Washington--Not since Franklin D. Roosevelt convened the governors for economic-recovery talks in the midst of the Great Depression have the White House and the state houses joined forces for a summit examining one pressing issue.
But on Sept. 27 and 28 in Charlottesville, Va., the nation’s chief state executives will meet with the President to discuss school reform.
And thus far, though the pace of pre-summit planning has been brisk, both the meeting’s agenda and its prospects for substantive results remain unclear.
“I don’t think the summit will be productive if it becomes a forum for each governor to report on his or her education initia6tives,” Gov. Richard F. Celeste of Ohio warned.
Others have expressed fears that what should be a time for consensus-building could, without a focused plan for discussion, become merely an elaborate media event.
In many parts of the country, activity aimed at ensuring that does not happen has been under way since President Bush extended his summit invitation July 31 at the annual meeting of the National Governors’ Association in Chicago. For example:
Gov. Michael N. Castle of Delaware and Gov. George Mikelson of South Dakota have scheduled statewide “summits” with educators, business representatives, and private citizens.
The West Virginia Federation of Teachers has begun surveying teachers and the general public on their top reform priorities, and plans to present the results to Gov. Gaston Caperton before he leaves for the summit.
National education associations have been disseminating suggested items for summit discussion and encouraging their state and local members to get in touch with their governors and do the same.
“We’ve spent the whole month of August working on this,” said Edward R. Kealy, director of federal relations for the National School Boards Association.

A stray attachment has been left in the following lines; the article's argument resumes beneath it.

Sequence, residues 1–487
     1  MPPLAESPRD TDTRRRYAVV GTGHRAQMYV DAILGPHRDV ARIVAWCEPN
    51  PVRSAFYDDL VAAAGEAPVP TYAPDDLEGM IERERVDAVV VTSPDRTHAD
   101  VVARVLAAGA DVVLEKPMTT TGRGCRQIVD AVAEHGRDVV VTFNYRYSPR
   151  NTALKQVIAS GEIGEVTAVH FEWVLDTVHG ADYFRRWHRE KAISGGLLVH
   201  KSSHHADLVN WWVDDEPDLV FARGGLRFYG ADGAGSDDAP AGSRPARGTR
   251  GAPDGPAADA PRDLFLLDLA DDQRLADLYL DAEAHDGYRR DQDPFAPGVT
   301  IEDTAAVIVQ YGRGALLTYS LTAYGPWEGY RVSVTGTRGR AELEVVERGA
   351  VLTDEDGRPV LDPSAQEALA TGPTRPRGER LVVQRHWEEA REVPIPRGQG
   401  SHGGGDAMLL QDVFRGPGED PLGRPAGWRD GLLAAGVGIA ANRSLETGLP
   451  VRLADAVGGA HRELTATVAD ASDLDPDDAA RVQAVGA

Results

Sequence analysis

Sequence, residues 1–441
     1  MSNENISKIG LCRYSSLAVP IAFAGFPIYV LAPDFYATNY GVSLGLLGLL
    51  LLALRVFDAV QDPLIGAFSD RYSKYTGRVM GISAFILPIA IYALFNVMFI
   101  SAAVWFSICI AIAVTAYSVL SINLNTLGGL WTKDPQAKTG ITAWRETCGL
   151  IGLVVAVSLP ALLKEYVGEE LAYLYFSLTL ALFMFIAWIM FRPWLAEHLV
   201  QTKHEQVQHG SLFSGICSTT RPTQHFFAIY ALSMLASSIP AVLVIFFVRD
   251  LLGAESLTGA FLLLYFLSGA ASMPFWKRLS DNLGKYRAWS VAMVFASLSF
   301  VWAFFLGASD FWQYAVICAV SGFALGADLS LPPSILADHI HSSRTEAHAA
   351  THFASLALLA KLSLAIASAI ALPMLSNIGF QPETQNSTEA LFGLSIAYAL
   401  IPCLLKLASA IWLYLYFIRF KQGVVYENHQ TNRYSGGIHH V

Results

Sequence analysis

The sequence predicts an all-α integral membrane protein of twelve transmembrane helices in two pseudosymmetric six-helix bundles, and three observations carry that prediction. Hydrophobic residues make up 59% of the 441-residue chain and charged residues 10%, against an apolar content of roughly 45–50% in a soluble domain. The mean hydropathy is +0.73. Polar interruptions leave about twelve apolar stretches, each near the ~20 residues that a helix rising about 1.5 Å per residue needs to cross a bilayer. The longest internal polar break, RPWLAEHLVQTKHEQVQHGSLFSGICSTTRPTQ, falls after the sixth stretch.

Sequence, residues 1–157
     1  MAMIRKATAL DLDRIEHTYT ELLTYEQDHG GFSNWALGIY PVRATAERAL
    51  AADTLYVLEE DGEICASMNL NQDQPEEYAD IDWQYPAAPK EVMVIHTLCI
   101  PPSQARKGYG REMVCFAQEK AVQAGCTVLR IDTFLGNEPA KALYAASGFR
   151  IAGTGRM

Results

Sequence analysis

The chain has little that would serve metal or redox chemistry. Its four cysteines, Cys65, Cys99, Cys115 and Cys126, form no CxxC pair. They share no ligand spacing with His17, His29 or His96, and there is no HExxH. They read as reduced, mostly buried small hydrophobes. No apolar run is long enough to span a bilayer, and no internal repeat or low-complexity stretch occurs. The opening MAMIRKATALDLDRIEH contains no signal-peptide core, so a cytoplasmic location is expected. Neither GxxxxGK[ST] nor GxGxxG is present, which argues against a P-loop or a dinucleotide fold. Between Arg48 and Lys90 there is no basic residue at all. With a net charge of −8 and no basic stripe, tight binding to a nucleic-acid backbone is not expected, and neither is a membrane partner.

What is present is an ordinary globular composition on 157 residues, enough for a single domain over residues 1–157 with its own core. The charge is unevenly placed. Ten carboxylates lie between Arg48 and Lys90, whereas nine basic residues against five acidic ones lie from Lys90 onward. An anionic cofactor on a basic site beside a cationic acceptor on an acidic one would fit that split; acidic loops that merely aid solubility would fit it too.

“If any recommendations that come out of this summit are to be implemented, then it makes sense for Mr. Bush and the governors to bring in those of us who will do the implementing in the beginning,” he said.
The President, for his part, will hold two or three meetings with representatives from education groups and elected officials early this month to prepare for the summit.
The gathering of top governmental officials will fulfill a pledge Mr. Bush made during the presidential campaign.
It will also represent only the third such policy meeting ever called by a U.S. President. In addition to F.D.R.'s Depression-era talks, Theodore Roosevelt held a White House-governors’ summit on conservation measures in 1908.
While the idea of an education summit has been favorably received, a consensus on what it should--or will be able to--accomplish has not been reached.
Gov. Bill Clinton of Arkansas, a Democrat known for his education initiatives, said that simply holding discussions with the President was not enough.
He and several other governors envision the summit as an opportunity for Mr. Bush to articulate a clearer federal education policy.
“A lot of what President Bush has said so far about education relates more to what we are supposed to do, instead of what he is supposed to do,” Mr. Clinton said in an interview.
Added Governor Celeste, who is also a Democrat, “We need a more compelling vision from President Bush as to where the federal government can make a difference.”
Others suggested that the summit might also provide an opportunity for the President to pledge more federal dollars for education causes.
Gov. Buddy Roemer of Louisiana, a Democrat battling entrenched financial problems in his state, personally lobbied the President at this summer’s n.g.a. meeting to include literacy issues on the summit’s4agenda. He ended his plea with, “What I’m trying to say, Mr. President, is send money.”
Governor Celeste suggested that, even though federal resources are tight, President Bush might soften his “no new taxes” refrain. It is a stance, the Ohio chief executive said, that has had “unintended consequences” at the state and local levels.
“I hope he can come up with a new line for the 90’s that would more clearly help state and local officials raise the necessary resources for education reform,” Mr. Celeste said.
Many Republican governors, however, see the summit as more appropriately focused on specific reform issues, not federal spending.